To LLC or not to LLC...

14 Replies

Hey guys, at what stage in the game is it necessary/responsible to put your properties in an LLC?

Hi Nick! 

You will find different answers from different people, but the bottom line is that if you can afford it, set the LLC up as early as possible. You never know when you will get your first property and it might even catch you by surprise - it sure caught me by surprise and I ended up taking title personally.

The cheaper way to set it up is to use online services such as legal zoom, they do make it pretty easy, but it is still possible to make mistakes with an online service. If you can afford to have an attorney set it up for you and make sure that you are compliant for all of the necessary regulations in your state, that would be even better (in California it costs me around $1,000 for an attorney to set one up). 

Just an aside - keep in mind that Fannie/Freddie will not loan to entities, so if you are buying rentals where you intend to get permanent Fannie/Freddie type financing, you will need to own those either in your own name or in a trust. 

Hope that helps! 


@James Bowie  if I buy a property with a conventional loan can I then later put it into an llc. If so do I have to wait a certain amount of time.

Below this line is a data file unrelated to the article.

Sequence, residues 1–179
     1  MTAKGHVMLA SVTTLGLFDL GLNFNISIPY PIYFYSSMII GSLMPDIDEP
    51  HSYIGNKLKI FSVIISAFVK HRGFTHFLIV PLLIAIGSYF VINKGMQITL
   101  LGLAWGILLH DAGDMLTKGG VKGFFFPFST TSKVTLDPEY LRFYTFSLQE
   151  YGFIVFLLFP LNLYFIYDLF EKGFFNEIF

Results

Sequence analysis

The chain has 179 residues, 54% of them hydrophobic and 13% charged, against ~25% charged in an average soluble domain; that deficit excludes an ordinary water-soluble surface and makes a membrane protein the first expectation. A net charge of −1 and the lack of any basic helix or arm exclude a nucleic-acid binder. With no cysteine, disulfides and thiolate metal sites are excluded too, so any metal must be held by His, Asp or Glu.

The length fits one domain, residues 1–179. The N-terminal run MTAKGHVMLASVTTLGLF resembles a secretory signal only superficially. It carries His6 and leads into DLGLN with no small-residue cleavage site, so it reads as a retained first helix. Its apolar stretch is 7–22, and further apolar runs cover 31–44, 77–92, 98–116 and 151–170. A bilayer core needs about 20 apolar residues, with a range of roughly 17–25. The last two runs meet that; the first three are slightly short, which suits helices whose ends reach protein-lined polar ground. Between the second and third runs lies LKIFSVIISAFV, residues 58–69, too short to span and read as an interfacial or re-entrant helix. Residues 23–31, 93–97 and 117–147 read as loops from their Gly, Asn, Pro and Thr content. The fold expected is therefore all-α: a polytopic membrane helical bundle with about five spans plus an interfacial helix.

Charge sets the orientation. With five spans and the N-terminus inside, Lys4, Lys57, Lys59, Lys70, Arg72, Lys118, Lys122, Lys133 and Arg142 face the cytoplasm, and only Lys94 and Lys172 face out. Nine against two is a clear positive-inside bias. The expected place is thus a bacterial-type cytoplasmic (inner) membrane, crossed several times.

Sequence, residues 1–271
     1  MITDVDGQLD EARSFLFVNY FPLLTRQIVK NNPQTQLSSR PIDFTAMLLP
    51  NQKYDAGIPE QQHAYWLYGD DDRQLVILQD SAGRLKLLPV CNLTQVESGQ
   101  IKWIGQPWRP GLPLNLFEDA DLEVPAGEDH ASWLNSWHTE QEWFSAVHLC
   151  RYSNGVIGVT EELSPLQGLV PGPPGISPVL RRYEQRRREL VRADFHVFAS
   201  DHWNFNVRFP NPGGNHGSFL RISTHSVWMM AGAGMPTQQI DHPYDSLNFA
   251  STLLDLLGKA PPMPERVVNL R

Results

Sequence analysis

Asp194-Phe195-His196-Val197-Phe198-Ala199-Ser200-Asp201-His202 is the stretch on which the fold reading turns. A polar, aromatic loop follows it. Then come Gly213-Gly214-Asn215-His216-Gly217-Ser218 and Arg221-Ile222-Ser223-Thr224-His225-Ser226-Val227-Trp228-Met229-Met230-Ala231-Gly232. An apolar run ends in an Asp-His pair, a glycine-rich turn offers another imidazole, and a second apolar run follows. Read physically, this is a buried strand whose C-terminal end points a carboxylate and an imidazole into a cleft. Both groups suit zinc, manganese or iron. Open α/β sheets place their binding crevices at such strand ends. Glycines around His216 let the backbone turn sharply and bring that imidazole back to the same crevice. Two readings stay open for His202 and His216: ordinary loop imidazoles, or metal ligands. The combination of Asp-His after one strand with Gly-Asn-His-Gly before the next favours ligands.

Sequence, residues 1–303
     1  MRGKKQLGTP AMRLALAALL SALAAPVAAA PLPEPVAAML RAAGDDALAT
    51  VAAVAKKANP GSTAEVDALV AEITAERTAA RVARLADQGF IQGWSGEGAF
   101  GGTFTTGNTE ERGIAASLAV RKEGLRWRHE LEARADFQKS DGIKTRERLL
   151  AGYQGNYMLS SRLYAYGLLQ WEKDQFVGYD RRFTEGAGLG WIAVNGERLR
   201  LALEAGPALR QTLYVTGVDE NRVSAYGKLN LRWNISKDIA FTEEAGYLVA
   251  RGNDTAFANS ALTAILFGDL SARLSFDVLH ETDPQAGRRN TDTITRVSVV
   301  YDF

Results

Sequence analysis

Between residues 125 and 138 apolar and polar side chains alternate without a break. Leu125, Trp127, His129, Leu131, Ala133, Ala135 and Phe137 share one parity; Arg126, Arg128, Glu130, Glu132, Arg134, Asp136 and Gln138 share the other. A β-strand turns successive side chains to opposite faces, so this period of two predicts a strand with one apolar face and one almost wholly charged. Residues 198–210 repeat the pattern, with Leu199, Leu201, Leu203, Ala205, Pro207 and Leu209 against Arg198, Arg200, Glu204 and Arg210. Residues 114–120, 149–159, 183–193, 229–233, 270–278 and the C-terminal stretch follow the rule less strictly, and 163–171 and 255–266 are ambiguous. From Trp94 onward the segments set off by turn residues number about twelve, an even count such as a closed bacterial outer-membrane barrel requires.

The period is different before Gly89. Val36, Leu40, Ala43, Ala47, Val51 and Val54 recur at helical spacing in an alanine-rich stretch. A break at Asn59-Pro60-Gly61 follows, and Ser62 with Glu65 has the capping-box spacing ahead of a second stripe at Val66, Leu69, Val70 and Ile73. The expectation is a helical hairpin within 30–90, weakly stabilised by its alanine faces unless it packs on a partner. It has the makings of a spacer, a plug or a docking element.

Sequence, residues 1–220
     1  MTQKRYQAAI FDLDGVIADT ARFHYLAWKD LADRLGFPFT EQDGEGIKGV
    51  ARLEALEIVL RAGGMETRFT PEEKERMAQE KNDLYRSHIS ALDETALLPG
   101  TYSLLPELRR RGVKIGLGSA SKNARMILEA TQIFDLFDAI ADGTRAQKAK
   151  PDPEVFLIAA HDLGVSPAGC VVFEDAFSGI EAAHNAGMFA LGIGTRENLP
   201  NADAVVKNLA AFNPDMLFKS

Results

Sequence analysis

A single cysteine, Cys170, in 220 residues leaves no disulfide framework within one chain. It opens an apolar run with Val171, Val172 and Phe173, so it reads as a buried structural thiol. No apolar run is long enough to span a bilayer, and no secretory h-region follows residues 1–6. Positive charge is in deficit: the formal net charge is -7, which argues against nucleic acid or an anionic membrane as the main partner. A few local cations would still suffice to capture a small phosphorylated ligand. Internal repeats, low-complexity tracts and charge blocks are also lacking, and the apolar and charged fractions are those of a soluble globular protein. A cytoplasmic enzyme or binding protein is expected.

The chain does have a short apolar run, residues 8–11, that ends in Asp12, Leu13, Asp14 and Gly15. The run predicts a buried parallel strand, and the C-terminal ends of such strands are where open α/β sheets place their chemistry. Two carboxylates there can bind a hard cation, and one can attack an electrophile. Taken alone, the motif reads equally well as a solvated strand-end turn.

@Neil Schoepp That's a tricky question. Technically the answer is no, you cannot move a GSE property into an LLC. There is a provision buried deep within their loan docs called a "due on sale clause." That means that if you sell, transfer, or in any way convey title to the property to anyone other than the borrower, they have the right to call the loan due effective immediately. This provision is designed to prohibit exactly what you are proposing.

I would never advocate violating a loan contract, but with that said, I do know that investors still do this with regularity. Similarly, many other investors buy properties "subject to" the existing GSE loans in place and just keep paying the mortgage. As you can imagine, any "subject to" purchase could also trigger the "due on sale clause" as well.